Have you ever wanted to learn how to dance but didn’t want to pay for the classes on campus?
No need to fear! Saddleback Salsa is here!
Every Tuesday night from 8 to 9:30 in room PE 301, the Saddleback Salsa Club gets together to work with dancers on their technique and rhythm. Whether you’re a beginner or a seasoned salsa dancer, this student run club will be able to help you get where you want to be.
Sarah Santoyo, one of the student instructors for the club, said, “Anybody who wants to come…we teach the basics every week and then we’ll teach you a move. So, for the more advanced people, we’ll teach them something else if they want to learn. But we welcome all beginners.”
Established almost 10 years ago by Saddleback instructor Carmenmara Hernandez-Bravo, the club was originally run by two instructors, Rachel Amara and Ishmael Mendoza. In 2011, it became an entirely student run organization with Hernandez-Bravo being the club advisor.
But the classroom isn’t the only place where dancing goes on.
Vanessa Klink, a 21-year-old massage therapy major, and also one of the instructors for the club, said, “We’re trying to be more applicable to social dancing…For me, that’s the main reason why I want to keep improving because when you go out and social dance, you can dance with anybody and feel comfortable with what you’re doing. So social dance is ultimately where the desire for dance comes from.”
So not only does the club meet up on Tuesday nights to work on steps, but they also gather off campus and go to dance clubs to really get into the salsa groove. Klink recommends going with a group for the first couple of times to clubs like Tapas in Newport or Atomic Ballroom in Anaheim because it can be intimidating for someone who is new to dancing.
Klink said, “Depending on where you go, like if you go to Tapas, it can be intimidating if you focus on the really good dancers. There are always beginners wherever you go, though. Whether they dance or not is unknown, unless they dance. I would say that if you’re a beginner, try to go to Atomic Ballroom or some sort of dance studio that actually has more of a variety of skill levels. Because if you go to Tapas, that’s generally a little more advanced.”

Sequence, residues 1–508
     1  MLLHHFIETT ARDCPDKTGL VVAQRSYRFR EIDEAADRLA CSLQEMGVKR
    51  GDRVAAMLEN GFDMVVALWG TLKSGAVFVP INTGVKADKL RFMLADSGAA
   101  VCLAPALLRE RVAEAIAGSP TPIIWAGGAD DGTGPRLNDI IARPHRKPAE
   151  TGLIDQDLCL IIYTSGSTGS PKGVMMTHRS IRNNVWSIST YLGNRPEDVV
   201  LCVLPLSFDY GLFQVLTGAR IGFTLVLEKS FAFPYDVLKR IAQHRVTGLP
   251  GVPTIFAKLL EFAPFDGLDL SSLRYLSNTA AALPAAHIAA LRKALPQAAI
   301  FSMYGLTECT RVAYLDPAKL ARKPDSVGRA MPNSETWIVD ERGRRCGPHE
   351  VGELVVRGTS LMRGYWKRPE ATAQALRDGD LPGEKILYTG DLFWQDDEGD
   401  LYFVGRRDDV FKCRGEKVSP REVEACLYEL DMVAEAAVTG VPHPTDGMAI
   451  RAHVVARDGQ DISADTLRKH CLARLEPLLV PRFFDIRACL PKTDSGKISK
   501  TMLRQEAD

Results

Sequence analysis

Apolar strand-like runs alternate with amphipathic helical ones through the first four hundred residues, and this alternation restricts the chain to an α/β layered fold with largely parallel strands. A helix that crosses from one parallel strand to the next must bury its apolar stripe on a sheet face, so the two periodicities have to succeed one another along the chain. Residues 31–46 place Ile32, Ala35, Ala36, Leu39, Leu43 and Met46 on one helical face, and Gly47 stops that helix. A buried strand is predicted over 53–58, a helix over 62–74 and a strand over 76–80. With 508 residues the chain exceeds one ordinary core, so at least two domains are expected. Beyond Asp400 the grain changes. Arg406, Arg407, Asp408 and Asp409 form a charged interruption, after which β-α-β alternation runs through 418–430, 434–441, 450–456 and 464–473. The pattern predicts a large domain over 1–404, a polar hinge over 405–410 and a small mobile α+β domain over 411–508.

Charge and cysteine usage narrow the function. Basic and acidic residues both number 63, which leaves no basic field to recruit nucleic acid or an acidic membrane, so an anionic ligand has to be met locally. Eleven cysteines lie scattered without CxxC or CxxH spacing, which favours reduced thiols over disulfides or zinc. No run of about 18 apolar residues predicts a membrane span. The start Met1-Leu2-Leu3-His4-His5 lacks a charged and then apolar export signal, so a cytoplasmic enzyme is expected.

All of the proficient dancers and the instructors in the club had to start somewhere and remember their experiences as beginning dancers.
Alexander Bowers, a 25-year-old medical major, has been dancing with the club for almost three years. He said, “With the club, I learned so much just from the people are here because you have the people who are more experienced than you are and you have the people who are not as experienced as you are, so you get to train with them and you get to learn with the people who have more experience. Whereas in class, there’s only one teacher. Everyone else are noobs. It’s not really practical, per se.”
It is because of this that the club is very welcoming and friendly to all the newcomers who are curious about learning to dance.
Vickie Brown, who is not a Saddleback student, found out about the club from a Google search and figured she’d come and check it out. She said that she had always wanted to learn how to dance and was surprised how much she learned in one lesson.
“I loved it. They’re so cool. They’re so nice and friendly and sweet. They just grabbed me and were like, ‘Come on girl! You can do it! Start dancing!’ It was nice, I had a really great time,” Brown said. “I asked, ‘How do I get to be in the club?’ and they were like, ‘You’re here, girl! You’re in already.'”
For more information, Saddleback Salsa has their own page on Facebook where they post which nights classes will be and when the group will be meeting outside of class to go dancing.